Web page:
Introduction to Blog

I launched the website and the Blog after having spoken to government officials, political analysts and security experts specializing in South Asian affairs from three continents. The feedback was uniformly consistent. The bottom line is that when Kashmiris are suffering and the world has its own set of priorities, we need to find ways to help each other. We must be realistic, go beyond polemics and demagoguery, and propose innovative ideas that will bring peace, justice and prosperity in all of Jammu and Kashmir.

The author had two reasons to create this blog. First, it was to address the question that was being asked repeatedly, especially, by journalists and other observers in the U.S., U.K., and Canada, inquiring whether the Kashmiri society was concerned about social, cultural and environmental challenges in the valley given that only political upheaval and violence were reported or highlighted by media.

Second, the author has covered the entire spectrum of societal issues and challenges facing Kashmiri people over an 8-year period with the exception of politics given that politics gets all the exposure at the expense of REAL CHALLENGES that will likely result in irreversible degradation in the quality of life and the standard of living for future generations of Kashmiris to come.

The author stopped adding additional material to the Blog once it was felt that most, if not all, concerns, challenges and issues facing the Kashmiri society are cataloged in the Blog. There are over 1900 entries in the Blog and most commentaries include short biographical sketches of authors to bring readers close to the essence of Kashmir. Unfortunately, the 8-year assessment also indicates that neither Kashmiri civil society, nor intellectuals or political leadership have any inclination or enthusiasm in pursuing issues that do not coincide with their vested political agendas. What it means for the future of Kashmiri children and their children is unfathomable. But the evidence is all laid out.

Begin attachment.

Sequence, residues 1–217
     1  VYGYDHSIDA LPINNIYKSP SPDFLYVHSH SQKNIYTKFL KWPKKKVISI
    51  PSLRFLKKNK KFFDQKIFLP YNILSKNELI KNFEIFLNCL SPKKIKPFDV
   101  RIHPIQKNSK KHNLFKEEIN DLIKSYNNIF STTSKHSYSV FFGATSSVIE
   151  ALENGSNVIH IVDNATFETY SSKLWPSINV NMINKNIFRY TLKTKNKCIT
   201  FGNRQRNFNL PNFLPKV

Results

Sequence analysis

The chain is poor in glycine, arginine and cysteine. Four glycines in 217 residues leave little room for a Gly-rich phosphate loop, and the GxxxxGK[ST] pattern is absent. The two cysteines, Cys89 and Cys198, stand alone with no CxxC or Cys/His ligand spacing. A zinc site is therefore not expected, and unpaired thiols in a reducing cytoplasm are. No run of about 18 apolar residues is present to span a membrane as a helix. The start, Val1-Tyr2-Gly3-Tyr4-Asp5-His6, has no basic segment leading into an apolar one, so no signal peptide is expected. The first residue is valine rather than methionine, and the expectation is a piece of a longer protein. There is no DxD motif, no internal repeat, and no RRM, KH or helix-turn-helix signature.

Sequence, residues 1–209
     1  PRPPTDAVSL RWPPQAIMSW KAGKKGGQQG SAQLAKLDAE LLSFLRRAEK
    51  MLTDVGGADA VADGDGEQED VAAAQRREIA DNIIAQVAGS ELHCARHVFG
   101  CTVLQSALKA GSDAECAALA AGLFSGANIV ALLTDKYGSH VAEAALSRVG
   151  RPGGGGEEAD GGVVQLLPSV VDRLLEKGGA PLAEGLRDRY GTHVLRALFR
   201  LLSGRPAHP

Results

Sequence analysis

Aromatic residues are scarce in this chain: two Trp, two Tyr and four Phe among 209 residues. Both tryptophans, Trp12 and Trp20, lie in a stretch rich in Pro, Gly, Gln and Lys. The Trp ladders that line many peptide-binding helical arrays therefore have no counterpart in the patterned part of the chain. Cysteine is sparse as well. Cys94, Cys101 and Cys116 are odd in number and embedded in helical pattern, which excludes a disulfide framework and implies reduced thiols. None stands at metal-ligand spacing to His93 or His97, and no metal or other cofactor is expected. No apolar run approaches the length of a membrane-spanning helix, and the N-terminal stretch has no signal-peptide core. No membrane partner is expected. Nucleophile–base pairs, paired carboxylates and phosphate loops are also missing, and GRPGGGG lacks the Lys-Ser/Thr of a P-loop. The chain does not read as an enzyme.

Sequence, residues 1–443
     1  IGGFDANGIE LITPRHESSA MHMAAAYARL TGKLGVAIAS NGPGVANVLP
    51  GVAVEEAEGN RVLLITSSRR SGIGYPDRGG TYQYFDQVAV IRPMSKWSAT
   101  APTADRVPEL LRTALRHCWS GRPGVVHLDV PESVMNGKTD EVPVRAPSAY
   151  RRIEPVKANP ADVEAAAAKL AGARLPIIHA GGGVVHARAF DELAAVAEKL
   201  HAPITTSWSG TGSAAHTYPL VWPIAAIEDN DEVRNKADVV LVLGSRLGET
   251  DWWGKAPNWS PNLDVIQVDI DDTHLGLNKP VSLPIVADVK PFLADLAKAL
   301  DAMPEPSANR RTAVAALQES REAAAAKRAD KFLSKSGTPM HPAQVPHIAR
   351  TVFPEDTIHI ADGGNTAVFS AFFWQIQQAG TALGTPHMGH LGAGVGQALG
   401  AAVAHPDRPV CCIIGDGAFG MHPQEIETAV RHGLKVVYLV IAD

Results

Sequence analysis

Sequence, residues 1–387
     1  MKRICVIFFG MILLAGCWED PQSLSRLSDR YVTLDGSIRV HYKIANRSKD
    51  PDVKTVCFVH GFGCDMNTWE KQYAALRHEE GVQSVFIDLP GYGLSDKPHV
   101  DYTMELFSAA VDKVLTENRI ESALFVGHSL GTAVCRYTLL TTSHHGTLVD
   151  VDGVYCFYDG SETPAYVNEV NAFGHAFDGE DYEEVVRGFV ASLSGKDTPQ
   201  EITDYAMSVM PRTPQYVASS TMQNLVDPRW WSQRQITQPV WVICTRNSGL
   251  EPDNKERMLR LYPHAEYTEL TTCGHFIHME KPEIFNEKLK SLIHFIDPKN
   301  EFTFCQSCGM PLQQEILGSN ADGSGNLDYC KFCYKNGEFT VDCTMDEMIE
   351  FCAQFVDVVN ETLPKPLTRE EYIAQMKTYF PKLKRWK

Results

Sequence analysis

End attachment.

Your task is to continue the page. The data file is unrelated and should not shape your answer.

This Blog is a reality check on Kashmir. It is a historical record of how Kashmir lost its way.

Vijay Sazawal, Ph.D.

Wednesday, August 10, 2011

"I am a Dreamer"

Nida returns briefly from Dubai to her hometown (Srinagar) and makes a statement with poetic grace and eloquence

(Ms. Nida Rafiq Shiekh, 24, was born in Srinagar. She passed her Matriculation from the Presentation Convent High School and completed her 12th grade from the Mallinson Girls High School, both with distinction. She graduated from the Women's College, Srinagar, and completed a Master's degree in mass communications from the Media Education Research Centre (MERC) of the University of Kashmir. She is a free lance writer who likes writing about the Kashmir issue and other topics like communal violence that have torn apart the Kashmiri society with tragic consequences. She also loves reading, and plans to make serious documentary films some day. She presently lives in Dubai.)

I am a little girl and
I am a dreamer
I dream of barbies
I dream of candies
I dream of no homeworks
I dream of fun.

I am a teenager and
I am a dreamer
I dream of choclates
I dream of flowers
I dream of rain
I dream of love.

I am a spinster and
I am a dreamer
I dream of wealth
I dream of fame
I dream of wedding
I dream of success.

I am married and
I am a dreamer
I dream of peace
I dream of affection
I dream of family
I dream of happiness.

I am old now but
I am still a dreamer
I dream of childhood
I dream of adolescence
I dream of spinsterhood
I dream of life.

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